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Of all places, prudish America is about to legalize cannabis as an intoxicant. The majority of US citizens want it that way. But the joint is out - businessmen have long had better things in store.



Matt Brown carefully takes a large flower of marijuana out of the transparent bag. Good quality, the buds of the dried plants are compact and covered with a sweet-smelling resin. With his fingers, Brown plucks the weed in two and crumbles it into a glass pipe.

Around him, on a bus in downtown Denver, sit two dozen spectators, most of them men in suits. It's one of those party buses that usually travel around town mostly for steamy bachelor parties. Instead of rows of chairs, there is a leather sofa that runs in a U-shape through the entire bus. The men sit in a circle, tour guide Brown with his pipe in the middle.

Brown pulls on the pipe with relish, then passes it around. Some take deep puffs and blow thick rings into the bus, others puff a little unsteadily and pass the pipe quickly or shake their heads in thanks.

You don't have to be a stoner here to join in. What is important, however, is that you have money: at least one million dollars. That's the admission criteria for the ArcView cannabis investor network, to which the men belong. They all want to make money from what is probably the most lucrative new industry the USA has to offer: the cannabis economy.

Colorado and Washington as test markets

Puritan America, of all places, is on the verge of a drug revolution. From January 1, two states, Colorado and Washington, will allow cannabis as an intoxicant. The two states are considered test markets.

If the trial is successful, others could soon follow suit. In 14 states, corresponding petitions are currently being discussed. In addition, 20 states already allow cannabis as a medicine and often punish illegal use only as a trivial offense.


A new market is now emerging that has long existed in the shadows of crime. About 18 million Americans smoke pot regularly. According to ArcView estimates, annual sales on the U.S. black market for cannabis are currently somewhere between $18 billion and $30 billion.

Legally, by contrast, $1.4 billion has been earned from the narcotic so far. With gradual legalization, that total could increase by more than 700 percent to $10.2 billion over the next five years. According to a Harvard study, complete liberalization would generate up to $13.7 billion annually for the U.S. treasury.

Much more liberal than the Netherlands

The U.S. is the first Western country in the world to completely regulate and legalize cannabis, from production to processing to trade. In doing so, America is going further than, say, the Netherlands. There, the sale and consumption of marijuana in small quantities has been permitted since the 1970s, but cultivation has remained prohibited.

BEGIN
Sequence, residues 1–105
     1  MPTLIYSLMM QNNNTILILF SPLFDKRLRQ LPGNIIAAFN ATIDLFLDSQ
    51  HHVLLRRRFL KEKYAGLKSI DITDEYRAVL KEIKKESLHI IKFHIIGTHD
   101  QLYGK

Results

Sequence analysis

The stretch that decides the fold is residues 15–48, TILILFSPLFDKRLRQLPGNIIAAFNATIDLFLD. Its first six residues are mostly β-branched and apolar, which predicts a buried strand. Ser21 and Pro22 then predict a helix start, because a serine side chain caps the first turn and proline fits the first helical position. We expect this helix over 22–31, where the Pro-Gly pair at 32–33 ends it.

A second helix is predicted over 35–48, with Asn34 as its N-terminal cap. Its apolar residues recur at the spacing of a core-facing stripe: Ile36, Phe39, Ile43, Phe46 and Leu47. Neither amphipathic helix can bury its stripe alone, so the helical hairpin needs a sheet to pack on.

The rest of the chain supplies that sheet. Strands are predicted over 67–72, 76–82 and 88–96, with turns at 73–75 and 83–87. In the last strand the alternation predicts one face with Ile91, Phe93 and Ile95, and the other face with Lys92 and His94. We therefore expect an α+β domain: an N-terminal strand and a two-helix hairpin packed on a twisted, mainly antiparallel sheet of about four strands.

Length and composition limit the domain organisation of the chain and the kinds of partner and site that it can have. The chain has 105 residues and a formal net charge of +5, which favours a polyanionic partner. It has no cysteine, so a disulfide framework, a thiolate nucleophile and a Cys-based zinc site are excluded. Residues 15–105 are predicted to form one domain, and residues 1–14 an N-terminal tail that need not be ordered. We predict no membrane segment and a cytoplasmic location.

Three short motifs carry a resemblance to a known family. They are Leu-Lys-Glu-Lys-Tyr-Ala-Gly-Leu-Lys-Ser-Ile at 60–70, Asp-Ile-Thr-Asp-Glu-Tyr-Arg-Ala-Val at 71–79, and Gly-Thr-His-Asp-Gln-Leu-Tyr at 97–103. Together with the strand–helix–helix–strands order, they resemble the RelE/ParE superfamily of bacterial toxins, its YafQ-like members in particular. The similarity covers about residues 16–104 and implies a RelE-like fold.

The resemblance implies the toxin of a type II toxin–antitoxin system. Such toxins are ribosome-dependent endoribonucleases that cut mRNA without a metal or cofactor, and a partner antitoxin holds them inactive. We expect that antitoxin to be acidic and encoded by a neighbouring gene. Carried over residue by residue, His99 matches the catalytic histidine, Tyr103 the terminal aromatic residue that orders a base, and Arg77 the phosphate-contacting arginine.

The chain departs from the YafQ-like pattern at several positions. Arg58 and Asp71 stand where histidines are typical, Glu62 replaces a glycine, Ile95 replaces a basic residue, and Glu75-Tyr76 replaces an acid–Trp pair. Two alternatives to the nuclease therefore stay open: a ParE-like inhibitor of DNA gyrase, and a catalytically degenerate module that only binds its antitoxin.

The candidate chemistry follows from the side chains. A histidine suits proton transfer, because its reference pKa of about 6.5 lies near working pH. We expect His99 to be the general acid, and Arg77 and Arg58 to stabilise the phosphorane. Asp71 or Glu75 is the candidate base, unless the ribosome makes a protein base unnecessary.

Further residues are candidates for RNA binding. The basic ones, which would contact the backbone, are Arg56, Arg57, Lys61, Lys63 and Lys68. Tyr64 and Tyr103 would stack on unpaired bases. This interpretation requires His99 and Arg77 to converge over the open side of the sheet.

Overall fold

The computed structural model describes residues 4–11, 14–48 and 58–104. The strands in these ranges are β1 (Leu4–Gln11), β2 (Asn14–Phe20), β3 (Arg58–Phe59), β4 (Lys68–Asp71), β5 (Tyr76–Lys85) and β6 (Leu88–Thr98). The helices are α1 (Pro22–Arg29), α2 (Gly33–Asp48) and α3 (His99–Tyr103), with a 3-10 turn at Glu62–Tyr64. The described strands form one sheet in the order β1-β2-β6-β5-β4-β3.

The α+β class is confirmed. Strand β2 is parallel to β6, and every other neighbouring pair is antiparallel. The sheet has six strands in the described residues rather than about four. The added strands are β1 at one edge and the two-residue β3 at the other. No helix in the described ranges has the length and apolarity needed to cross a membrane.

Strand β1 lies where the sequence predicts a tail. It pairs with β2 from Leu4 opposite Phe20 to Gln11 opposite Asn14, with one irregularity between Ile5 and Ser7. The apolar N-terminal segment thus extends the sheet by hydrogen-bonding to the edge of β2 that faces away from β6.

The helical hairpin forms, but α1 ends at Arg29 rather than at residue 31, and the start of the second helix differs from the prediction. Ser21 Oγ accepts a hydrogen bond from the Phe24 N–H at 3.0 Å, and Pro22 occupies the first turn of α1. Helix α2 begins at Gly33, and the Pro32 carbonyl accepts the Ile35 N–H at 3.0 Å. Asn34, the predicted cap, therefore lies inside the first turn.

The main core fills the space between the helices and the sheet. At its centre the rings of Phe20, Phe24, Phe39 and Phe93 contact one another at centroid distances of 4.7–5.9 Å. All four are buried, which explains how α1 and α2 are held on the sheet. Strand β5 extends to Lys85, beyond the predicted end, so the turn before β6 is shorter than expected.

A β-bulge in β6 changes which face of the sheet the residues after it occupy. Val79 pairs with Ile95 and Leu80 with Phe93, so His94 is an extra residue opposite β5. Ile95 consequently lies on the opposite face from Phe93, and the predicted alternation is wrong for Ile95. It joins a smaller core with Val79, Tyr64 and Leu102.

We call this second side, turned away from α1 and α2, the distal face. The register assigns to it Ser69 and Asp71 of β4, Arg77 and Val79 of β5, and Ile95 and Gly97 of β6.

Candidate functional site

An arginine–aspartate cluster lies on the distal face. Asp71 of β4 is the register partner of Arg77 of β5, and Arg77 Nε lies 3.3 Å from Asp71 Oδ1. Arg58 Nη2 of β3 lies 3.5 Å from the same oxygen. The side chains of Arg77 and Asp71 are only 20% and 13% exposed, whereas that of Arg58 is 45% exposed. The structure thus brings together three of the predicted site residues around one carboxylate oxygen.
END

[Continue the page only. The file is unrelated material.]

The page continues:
So coffee shops have to get their weed through the back door illegally in order to sell it legally. Only Uruguay is further ahead than the U.S.: In early December, the small South American nation became the first country in the world to legalize all cannabis distribution, from cultivation to consumption. Other countries are likely to follow if the experiment in the U.S. succeeds. In Berlin-Kreuzberg, the district government is currently trying to push through Germany's first legal coffee shop.

"We are facing the biggest economic upheaval since the fall of the Berlin Wall and the opening of the East," says Steve DeAngelo. The 55-year-old founded ArcView three years ago. At the same time, he runs Harborside Health Center in Oakland, California, the largest medical dispensary for hemp in the country, with $30 million in annual sales.

In effect, that makes DeAngelo the largest legal marijuana dealer in the globe. The fact that a majority of the U.S. population, with 58 percent approval, is now in favor of legalization, and that as many as 80 percent recognize cannabis as medicine, is in no small part due to him.

Next up is careddi The Ohio-based company is showcasing a machine that can extract hemp oil from marijuana using carbon dioxide. Company CEO Andy Joseph wants $1 million in capital. Cheaper would be an investment in GrowBuddy. The company offers an app for smartphones that helps hobby growers cultivate cannabis. It needs $200,000.

German expatriate Ralf Rainer von Albedyhll from California, on the other hand, is planning to spend a lot of money. He wants to introduce a kind of health card for cannabis patients as standard: Patient data is to be stored on the chip card and simultaneously recorded in a database that dispensaries as well as doctors can access. Cost of the investment: four million dollars.

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